Those bodice pieces are marked with drawings of flowers for someone to embroider. So did Elizabeth Bull wear this gown at her wedding even though it obviously wasn’t finished? Was there originally a plain bodice that’s been discarded? Or were the unsewn flowers drawn on later because someone wanted more embellishment, but no one ever finished embroidering them?

Elizabeth and Roger Price moved to England in the mid-1700s. Their daughter reportedly attended a coronation in this gown—still apparently unfinished. She and her brother moved back to Massachusetts after the Revolutionary War, when celebrating George III was no longer a popular activity. Might the family memory of the gown have then morphed from a coronation gown to the gown their ancestor wore at her Boston wedding? Did the daughter, who lived until 1826, have the gown altered, or was that a relative’s decision?

I doubt we’ll ever know the full story of this garment, but the conservation will preserve the mystery for another generation.

3 comments:

Anonymous said...

Being a seamstress and an embroiderer amongst a long line of family seamstresses and historic costume designers, it is not uncommon for the embroidery to be done on plain cloth prior to the dress actually cut and sewn or fully fitted. It is also not uncommon for the dress to be simultaneously designed as the embroidery is underway. Works in progress, so to speak, would explain the cuts into the embroidered areas if indeed they are original to the dress.

In addition, repeated patterns such as what appears on the dress, gets very monotonous over time. Like any project, sometimes the monotony brings it to an end, whether the person intended it in the beginning or not. Many of my family embroidered garments and household linens have changes in the pattern simply to break the monotony. In addition, while not apparent from a common eye, a close look at my grandmother’s works indicates where she just got tuckered out. Some of my mother’s historic theater costume designs were changed midstream to accommodate time constraints or fabric availability.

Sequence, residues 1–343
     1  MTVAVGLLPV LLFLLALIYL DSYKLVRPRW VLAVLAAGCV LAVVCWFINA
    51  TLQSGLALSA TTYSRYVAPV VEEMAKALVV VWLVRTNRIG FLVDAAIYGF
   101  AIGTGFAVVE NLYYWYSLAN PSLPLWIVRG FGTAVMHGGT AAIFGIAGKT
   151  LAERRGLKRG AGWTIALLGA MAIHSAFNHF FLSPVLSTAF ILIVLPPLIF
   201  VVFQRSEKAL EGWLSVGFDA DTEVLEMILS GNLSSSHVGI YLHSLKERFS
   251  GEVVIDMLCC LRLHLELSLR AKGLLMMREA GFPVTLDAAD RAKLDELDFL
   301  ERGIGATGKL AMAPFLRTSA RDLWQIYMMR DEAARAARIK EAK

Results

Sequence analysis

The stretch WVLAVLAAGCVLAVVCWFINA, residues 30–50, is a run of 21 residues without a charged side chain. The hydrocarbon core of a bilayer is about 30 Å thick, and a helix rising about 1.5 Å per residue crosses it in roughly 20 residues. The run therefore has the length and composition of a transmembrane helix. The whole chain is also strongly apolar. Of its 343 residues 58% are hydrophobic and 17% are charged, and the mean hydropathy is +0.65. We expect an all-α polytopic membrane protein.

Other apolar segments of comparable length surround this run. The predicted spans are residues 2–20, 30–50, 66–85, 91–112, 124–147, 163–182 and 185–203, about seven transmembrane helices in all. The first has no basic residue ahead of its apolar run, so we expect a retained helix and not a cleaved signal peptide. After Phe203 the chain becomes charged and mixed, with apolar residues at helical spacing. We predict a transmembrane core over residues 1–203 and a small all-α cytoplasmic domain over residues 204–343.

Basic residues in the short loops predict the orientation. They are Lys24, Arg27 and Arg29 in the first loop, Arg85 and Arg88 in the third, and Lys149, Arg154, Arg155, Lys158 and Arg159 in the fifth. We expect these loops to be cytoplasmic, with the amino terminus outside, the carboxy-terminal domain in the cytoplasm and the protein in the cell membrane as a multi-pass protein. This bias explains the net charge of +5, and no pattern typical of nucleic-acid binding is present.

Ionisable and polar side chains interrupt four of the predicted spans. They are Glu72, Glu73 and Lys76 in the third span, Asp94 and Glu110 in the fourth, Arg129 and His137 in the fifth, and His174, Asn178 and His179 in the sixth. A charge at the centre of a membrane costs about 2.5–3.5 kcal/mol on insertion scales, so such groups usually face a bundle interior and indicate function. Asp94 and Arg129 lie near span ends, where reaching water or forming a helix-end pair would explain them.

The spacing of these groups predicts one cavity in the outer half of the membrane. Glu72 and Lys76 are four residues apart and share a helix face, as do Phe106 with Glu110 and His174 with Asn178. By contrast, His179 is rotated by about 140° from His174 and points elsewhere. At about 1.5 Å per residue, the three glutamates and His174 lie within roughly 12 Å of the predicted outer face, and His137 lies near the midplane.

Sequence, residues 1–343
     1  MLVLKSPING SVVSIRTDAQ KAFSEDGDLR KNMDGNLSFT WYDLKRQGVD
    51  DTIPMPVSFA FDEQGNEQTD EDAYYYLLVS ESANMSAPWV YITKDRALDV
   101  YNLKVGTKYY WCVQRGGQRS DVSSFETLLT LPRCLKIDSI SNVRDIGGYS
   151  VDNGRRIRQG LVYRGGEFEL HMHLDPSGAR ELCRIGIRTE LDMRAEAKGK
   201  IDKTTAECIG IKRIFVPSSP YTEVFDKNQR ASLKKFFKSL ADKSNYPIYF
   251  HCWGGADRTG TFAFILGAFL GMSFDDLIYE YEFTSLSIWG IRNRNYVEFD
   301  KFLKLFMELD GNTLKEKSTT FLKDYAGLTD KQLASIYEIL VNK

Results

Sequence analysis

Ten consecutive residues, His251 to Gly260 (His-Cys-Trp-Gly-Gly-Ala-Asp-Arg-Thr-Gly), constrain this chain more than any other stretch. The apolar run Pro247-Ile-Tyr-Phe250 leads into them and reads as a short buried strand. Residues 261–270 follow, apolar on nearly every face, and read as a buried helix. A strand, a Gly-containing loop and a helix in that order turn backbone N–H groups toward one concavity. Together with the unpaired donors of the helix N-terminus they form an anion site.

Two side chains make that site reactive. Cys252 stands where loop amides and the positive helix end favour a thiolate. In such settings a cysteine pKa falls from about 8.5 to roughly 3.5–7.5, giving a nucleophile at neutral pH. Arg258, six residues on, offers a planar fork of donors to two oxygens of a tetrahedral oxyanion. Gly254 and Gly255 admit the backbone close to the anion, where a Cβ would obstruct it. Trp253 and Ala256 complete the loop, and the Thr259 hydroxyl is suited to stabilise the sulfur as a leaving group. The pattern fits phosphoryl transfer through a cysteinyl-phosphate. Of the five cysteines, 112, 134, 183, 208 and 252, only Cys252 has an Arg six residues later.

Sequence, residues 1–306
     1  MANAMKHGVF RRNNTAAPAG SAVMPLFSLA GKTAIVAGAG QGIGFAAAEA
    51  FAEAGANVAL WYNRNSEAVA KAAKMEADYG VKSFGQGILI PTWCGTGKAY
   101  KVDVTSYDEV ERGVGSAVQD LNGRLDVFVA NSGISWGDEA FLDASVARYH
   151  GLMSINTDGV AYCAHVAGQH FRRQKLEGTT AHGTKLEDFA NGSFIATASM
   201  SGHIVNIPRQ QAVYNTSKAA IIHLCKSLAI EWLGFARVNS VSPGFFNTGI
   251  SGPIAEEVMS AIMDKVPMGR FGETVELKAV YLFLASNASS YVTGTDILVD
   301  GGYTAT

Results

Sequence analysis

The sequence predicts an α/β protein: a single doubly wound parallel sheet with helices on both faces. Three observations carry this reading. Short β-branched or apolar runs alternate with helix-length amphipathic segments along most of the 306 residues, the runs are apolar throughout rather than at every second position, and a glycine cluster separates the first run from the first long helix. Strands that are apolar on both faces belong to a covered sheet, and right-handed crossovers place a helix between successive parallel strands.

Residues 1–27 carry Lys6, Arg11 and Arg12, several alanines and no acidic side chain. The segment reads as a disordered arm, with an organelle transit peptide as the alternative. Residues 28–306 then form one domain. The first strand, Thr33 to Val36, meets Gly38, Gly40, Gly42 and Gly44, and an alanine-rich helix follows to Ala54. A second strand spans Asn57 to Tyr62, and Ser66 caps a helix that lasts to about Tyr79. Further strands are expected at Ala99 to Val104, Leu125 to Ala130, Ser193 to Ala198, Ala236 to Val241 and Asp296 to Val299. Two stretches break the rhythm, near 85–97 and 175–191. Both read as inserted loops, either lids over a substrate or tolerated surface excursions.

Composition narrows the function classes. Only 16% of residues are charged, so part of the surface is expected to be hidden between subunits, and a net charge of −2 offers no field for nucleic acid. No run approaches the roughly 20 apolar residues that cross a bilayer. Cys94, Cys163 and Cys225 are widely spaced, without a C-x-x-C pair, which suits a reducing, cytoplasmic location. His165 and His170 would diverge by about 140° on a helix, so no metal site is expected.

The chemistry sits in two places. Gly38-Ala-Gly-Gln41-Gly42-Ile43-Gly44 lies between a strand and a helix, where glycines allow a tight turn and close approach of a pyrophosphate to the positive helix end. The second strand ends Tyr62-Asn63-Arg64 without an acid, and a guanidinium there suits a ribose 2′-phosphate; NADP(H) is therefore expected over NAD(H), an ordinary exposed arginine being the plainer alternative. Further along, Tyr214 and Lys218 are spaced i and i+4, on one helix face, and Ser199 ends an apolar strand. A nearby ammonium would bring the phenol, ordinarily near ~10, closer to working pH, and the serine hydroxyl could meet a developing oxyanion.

Just as importantly, 18th and early 19th century garments were re-altered again and again because textiles were reused over and over again. It would have been common for her to have worn the dress for the wedding and re-altered the dress for other occasions or for a change in body type even before she passed it down to her descendants. There may also have been various adornments originally on the dress that were reused on other garments.

So from my experience, study of garments and textile history, the garments current design, cuts and condition is consistent with the useage of the period. To determine the true era of the embroidered areas (presumably the areas of the original dress), one should be able to check the embroidery threads and dyes to see if they are consistent with the early 18th century.
Kmillman
Burnsville, MN

Mark B. said...

As the first commenter says, it was standard practice to alter dresses according to the style of the day. Unlike us, women of the past would own very few dresses, and would reuse them over their lifetimes as much as possible. So a dress that got a lot of use shouldn't be expected to be 'authentic' to its original time period.

J. L. Bell said...

There's no question this gown was altered, most likely twice. The skirt shows a silhouette fashionable about 1830, and the existing bodice uses fabric and styles from about 1890.

The underskirt and unused bodice pieces also offer good clues about the original shape of the gown and its embroidery. But whether that work dates to 1735 or 1760, and whether the gown was worn at an important occasion before it was complete, still appear to be mysteries.